The murder of American Ambassador Chris Stevens in a Libyan riot sparked by an amateur video raises doubts about the suitability of Libya and other Islamic nations for the community of civilized countries. Stevens, who had served in Libya through the overthrow of Gaddafi and the establishment of the new regime, was a career diplomat and, obviously, had nothing to do with the offensive anti-Islamic video that sparked the rioting that killed him. Diplomatic principles require host countries to accept and defend their diplomatic guests and their sovereign property (embassy grounds).

U.S. officials have expressed outrage at the killing — though Republican presidential candidate Mitt Romney attempted to criticize the Obama administration for not being harsh enough — but can do little in a country like Libya, where an incendiary mob can sweep aside all reason and sensibility. The rioters, who likely had little knowledge of democracy or the principles of Western civilization, attacked the U.S. embassy, even though the United States had no connection with the video that angered them. The rioters' outrage over a bit of video justified, in their minds, murder and destruction.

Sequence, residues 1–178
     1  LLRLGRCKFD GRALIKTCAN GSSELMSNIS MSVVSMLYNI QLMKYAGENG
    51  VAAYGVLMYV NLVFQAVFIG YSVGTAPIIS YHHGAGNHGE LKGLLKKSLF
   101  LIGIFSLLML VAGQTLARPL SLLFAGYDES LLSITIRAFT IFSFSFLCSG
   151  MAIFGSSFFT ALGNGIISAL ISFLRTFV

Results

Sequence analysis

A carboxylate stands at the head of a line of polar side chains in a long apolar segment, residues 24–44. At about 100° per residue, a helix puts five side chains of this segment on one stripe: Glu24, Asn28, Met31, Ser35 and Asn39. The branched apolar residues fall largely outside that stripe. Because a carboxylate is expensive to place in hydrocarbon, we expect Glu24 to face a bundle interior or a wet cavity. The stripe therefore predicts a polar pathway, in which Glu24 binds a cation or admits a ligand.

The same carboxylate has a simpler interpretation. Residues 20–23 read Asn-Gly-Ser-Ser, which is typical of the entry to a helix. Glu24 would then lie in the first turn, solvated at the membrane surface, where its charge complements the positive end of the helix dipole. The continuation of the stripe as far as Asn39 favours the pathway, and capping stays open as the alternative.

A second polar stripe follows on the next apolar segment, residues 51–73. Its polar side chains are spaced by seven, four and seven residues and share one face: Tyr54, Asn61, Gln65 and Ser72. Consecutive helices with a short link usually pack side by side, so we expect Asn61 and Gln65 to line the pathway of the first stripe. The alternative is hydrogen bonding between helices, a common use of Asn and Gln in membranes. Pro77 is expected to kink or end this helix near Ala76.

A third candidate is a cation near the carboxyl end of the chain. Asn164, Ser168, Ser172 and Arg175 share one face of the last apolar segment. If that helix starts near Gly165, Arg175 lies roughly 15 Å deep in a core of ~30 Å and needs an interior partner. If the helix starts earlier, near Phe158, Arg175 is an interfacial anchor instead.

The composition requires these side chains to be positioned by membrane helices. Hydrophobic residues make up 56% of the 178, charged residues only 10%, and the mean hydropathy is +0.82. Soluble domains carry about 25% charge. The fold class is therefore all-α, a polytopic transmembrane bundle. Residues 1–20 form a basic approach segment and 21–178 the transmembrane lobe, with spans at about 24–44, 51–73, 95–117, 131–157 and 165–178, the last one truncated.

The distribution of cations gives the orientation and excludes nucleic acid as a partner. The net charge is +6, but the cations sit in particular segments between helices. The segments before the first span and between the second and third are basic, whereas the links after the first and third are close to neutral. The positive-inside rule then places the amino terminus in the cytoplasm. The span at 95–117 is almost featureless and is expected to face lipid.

The United States has aided and defended the new regimes in Egypt and Libya and has condemned religious intolerance in all its forms. But for the Islamist rioters, the United States' very tolerance of religious diversity is offensive and damnable. Until all governments are willing to defend religious diversity and free expression of religion (and this includes U.S. allies Saudi Arabia, Iraq, Pakistan and others), the world will be unsafe and religious people, of whatever faith, will live in fear.

Monday, September 10, 2012

Get serious about federal debt

Deficit reduction isn't getting the attention it deserves in this year's presidential campaign. Both parties are too busy trying to carve out an advantage among targeted niche voters to address the big issues like the federal debt. But the coming of the "fiscal cliff" on Jan. 1, when the Bush tax cuts expire and the sequestration of spending that Congress agreed to earlier takes effect, should bring deficits back into the spotlight.